It is slowly dawning on me that the concept “active citizenship” has different connotations in South Africa than it does in Canada.
At the Development Dinner I attended a couple weeks ago, it seemed odd to me that “active citizenship” would be the topic of conversation. Aren’t there subjects more relevant to “development” that we could discuss?
Then I read the following article that one of the dinner guests sent us yesterday:
When I think of active citizenship, I think of attending community meetings and public consultations. To me, all citizens should do these basic things to ensure they have input into their communities. Otherwise, stop complaining!
In the article, however, the author explains that a group called Equal Education campaigned “for two years to get the minister to set minimum norms and standards for schools, arguing that unequal access to quality infrastructure is a core aspect of inequality in education.”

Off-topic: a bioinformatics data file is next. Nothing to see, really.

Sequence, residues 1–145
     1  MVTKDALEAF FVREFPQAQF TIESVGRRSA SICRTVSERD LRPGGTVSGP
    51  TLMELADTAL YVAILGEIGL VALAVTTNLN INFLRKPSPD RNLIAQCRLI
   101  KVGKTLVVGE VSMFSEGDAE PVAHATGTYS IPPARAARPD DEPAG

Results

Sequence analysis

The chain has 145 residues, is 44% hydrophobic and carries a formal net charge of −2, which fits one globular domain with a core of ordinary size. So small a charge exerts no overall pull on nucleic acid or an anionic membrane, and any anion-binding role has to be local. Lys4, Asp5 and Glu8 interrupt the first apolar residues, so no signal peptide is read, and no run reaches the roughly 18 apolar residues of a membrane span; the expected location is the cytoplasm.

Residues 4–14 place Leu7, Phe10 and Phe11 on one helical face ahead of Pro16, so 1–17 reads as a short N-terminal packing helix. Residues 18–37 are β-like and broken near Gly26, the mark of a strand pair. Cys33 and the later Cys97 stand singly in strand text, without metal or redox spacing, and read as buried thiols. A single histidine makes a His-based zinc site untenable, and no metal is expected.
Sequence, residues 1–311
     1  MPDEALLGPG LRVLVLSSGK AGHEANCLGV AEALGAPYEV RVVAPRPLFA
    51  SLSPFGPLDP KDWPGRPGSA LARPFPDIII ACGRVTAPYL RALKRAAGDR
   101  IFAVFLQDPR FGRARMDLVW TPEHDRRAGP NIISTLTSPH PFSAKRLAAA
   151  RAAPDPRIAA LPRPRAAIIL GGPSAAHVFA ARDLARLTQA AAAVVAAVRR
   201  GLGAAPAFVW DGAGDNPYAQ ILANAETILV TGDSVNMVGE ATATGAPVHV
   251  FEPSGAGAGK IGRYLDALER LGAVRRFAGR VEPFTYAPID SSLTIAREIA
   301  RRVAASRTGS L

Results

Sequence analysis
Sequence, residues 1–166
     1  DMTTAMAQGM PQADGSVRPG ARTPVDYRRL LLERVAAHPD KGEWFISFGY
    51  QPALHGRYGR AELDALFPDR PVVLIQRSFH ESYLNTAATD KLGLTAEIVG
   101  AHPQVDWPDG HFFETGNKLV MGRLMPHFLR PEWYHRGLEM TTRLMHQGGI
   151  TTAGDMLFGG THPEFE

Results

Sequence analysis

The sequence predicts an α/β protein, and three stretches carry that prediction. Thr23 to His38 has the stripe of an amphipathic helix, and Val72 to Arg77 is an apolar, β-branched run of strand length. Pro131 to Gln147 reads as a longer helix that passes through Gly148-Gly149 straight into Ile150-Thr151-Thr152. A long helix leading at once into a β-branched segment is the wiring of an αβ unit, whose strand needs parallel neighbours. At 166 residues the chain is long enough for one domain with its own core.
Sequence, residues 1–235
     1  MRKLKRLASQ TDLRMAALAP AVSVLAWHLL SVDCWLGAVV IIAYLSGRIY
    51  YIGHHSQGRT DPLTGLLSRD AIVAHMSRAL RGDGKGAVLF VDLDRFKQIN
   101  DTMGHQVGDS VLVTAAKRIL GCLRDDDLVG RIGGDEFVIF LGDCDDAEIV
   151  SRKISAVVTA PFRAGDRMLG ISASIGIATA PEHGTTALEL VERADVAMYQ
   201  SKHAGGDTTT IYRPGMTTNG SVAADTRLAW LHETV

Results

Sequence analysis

Yes, I also consider lobbying a form of active citizenship, but not one that I would expect most people to undertake.
I realized that I expect the government to provide effective avenues for people to engage with decision makers if they choose to.
Unfortunately, in South Africa, you can’t trust your government to do that. Instead, you have to fight to make your voice heard.
As a result, active citizenship is intrinsically tied to development here: citizens must be loud and forceful in their demands or else the government simply won’t deliver.